Dear Parents and Caregivers
We have been overwhelmed by the quality and the variety of the work the children have been sending in. Please head over to the Gallery to see a small selection of the work being completed. We can’t upload everything sent in but it is clear from the work being uploaded that the children, and you, are doing a great job of covering the curriculum they would have been covering had they been in school. This is not an easy task, so well done!
The school staff are working hard to ensure that the children have similar learning opportunities to those they may have had in school. Of course, we have had to adapt things along the way but it also means that, at times, we have had to ask an awful lot of you. We thank you for your support.
We know that home learning is not easy though so here are a few reminders:
- Don’t stress
As we said last week, you can only do your best. Things don’t always go to plan. Do what you can, when you can.
2. It’s the education that is important, not the school
Learning opportunities are everywhere. Not just in Google classroom or on worksheets. When you’re filling the kettle, ask your child to fill up to the 750ml mark, or when cooking, ask them to weigh out the 150g of pasta that you need. Go outside when you can, measure the garden or go for a walk and ask children to use great adjectives to describe the view.
3. Focus on maths, English and reading if you are finding it hard to fit everything in.
Children obviously cover much more than this in school but, if you can try to complete some work in these core areas, the other subjects are easier to catch up later. Read, read, read. Times tables and division facts. Different calculations. Spellings.
The core subjects are more linear in their nature so being able to progress relies on specific earlier knowledge, whereas subjects like geography or history are taught as independent, self-contained topics. Don’t forget to make time for the subjects that your child most enjoys whether that’s art and craft, PE or science.
Motivate your child with praise and by recognising their achievements. This will result in your child approaching their work with a positive attitude and the process will be less stressful for everybody. Please don’t be too critical: highlighting all errors in a piece of work will have a negative effect and will quickly demotivate your child.
5. Don’t do the work for your child
I was talking to a friend at the weekend who felt the need to confess to me that she had given up and completed her daughter’s literacy work herself as it was too painful trying to get her daughter to do it. Please don’t. We know it’s tempting but it won’t help in the long run. We need to know if they are struggling with it or need extra help. That is what we are here for.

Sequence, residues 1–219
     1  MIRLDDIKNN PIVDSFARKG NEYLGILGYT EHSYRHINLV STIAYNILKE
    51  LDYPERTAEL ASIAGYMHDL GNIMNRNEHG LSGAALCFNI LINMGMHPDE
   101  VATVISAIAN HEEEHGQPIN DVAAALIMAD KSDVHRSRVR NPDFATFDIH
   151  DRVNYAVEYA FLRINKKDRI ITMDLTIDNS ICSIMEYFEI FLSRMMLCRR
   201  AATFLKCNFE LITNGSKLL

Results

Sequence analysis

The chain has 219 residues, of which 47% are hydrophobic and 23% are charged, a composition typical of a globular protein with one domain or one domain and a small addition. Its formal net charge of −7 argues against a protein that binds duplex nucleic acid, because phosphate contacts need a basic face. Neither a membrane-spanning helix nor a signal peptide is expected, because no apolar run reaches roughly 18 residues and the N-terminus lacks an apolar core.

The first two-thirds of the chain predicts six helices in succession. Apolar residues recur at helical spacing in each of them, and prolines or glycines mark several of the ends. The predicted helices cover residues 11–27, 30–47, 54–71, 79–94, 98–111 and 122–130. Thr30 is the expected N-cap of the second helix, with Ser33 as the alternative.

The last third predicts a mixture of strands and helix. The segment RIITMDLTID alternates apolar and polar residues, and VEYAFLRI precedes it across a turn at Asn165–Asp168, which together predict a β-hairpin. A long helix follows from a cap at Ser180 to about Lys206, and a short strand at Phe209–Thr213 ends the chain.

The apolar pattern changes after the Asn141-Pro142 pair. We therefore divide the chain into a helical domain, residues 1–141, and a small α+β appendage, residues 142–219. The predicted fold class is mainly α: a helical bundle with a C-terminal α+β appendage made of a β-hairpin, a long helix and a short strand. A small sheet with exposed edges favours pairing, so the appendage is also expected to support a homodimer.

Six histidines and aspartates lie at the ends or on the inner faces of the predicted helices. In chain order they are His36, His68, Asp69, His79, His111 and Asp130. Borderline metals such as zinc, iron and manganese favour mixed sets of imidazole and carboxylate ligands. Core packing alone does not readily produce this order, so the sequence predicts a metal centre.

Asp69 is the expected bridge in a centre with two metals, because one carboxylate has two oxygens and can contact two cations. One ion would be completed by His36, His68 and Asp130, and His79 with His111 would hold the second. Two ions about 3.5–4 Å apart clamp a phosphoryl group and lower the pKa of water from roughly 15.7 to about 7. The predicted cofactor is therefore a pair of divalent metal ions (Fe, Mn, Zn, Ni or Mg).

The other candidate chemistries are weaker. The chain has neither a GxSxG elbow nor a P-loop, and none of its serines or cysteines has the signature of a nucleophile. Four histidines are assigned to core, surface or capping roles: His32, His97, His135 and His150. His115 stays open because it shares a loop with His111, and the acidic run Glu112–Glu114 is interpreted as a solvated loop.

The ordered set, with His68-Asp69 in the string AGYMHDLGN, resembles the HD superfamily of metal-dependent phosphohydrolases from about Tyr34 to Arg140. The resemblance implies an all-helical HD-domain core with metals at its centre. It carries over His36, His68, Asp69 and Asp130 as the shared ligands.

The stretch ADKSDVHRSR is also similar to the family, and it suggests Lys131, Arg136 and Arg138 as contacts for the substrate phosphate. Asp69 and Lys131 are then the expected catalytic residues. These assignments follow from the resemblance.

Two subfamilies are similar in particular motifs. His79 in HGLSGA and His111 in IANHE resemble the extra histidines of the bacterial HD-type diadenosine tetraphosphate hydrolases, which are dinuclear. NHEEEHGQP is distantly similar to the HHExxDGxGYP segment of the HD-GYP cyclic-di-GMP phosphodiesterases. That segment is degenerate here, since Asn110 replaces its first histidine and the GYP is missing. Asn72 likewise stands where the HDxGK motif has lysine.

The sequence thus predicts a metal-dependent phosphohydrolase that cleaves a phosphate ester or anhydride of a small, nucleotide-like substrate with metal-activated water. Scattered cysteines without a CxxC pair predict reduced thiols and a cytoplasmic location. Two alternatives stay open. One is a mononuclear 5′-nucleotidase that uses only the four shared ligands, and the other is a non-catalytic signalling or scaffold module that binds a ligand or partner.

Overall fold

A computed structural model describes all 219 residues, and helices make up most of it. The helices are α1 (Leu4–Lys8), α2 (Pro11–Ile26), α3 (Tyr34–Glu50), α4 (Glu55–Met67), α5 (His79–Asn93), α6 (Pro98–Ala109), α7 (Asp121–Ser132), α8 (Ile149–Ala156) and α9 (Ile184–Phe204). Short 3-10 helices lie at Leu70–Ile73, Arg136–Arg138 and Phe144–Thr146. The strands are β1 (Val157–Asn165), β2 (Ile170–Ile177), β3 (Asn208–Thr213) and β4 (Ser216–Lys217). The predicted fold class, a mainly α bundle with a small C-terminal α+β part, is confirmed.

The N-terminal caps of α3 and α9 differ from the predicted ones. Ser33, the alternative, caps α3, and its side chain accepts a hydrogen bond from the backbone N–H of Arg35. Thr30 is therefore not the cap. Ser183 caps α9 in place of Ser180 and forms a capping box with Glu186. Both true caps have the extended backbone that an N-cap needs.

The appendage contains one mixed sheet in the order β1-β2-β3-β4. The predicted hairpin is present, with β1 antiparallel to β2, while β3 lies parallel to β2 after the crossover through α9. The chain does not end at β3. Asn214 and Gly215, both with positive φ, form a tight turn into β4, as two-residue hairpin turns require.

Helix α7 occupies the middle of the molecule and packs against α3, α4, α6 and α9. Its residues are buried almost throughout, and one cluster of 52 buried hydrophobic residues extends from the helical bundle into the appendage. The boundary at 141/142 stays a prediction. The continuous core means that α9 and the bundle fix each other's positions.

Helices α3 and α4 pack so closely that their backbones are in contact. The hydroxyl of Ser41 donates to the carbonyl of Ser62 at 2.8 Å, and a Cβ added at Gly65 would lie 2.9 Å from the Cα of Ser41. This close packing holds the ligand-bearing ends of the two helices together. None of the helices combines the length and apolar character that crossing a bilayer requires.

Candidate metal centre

6. ASK FOR HELP
It’s okay to admit that the work is hard. It’s okay to admit that you are struggling at times. It’s okay to ask for help. Either from us at school or from each other. Much of what you are trying to do with your child is very different from how you may have been taught at school. There is always someone who can help. Please see the note below from Kate Frapwell Roach and Sarah Slaughter-Ware.
We are here if needed,
Tracy and Mike
Important information: Fir class bubble closure
Due to a positive confirmed case in the Fir class bubble, we have closed the bubble.
Parents of children who have been in close contact with the confirmed case have been told to self-isolate for 10 days. Staff members who have been in close contact will also be self-isolating.
Parents of children who have attended the bubble but not been in close contact have also been contacted. These children do not need to self isolate.
Fir class bubble can reopen again on Tuesday 2nd February.
Please remember, for most people, coronavirus (COVID-19) will be a mild illness.
However, If your child develops symptoms of COVID-19, they must not come to school and should remain at home for at least 10 days from the date when their symptoms appeared. Anyone with symptoms will be eligible for a PCR test (the normally available test type) and this can be arranged via https://www.nhs.uk/ask-for-a-coronavirus-test or by calling 119.
Communications – a reminder
Please make sure you read the newsletter. If you know of anyone who can’t access it, please share it with them. This is our only way of communicating with all parents and caregivers.
We will add links to any message posted on the website during the week. It should be your first port of call for whole school matters.
Class Dojo and Google classroom should be your first port of call for all classroom matters.
General questions about whole school queries can either be posted on the Facebook page or you can call the school office. If it is a matter of urgency, please call. Facebook messages may get missed.
Any safeguarding concerns should be directed to the Designated Safeguarding Lead, Mike Lawrence. The contact number for out of school hours is 07751 760627 which is also on the front of the website. During school hours please use the school number, 01458 442979. You may also email email@example.com at any time. Please remember that if you believe a child is at risk of significant harm you should telephone 999. If you are unable to contact anyone from the school the telephone number for Somerset Direct, where you may share any concerns, is 0300 123 2224
Website posts you may have missed:
Remote learning – this will also lead you to the safeguarding and SEN provision remote learning offer.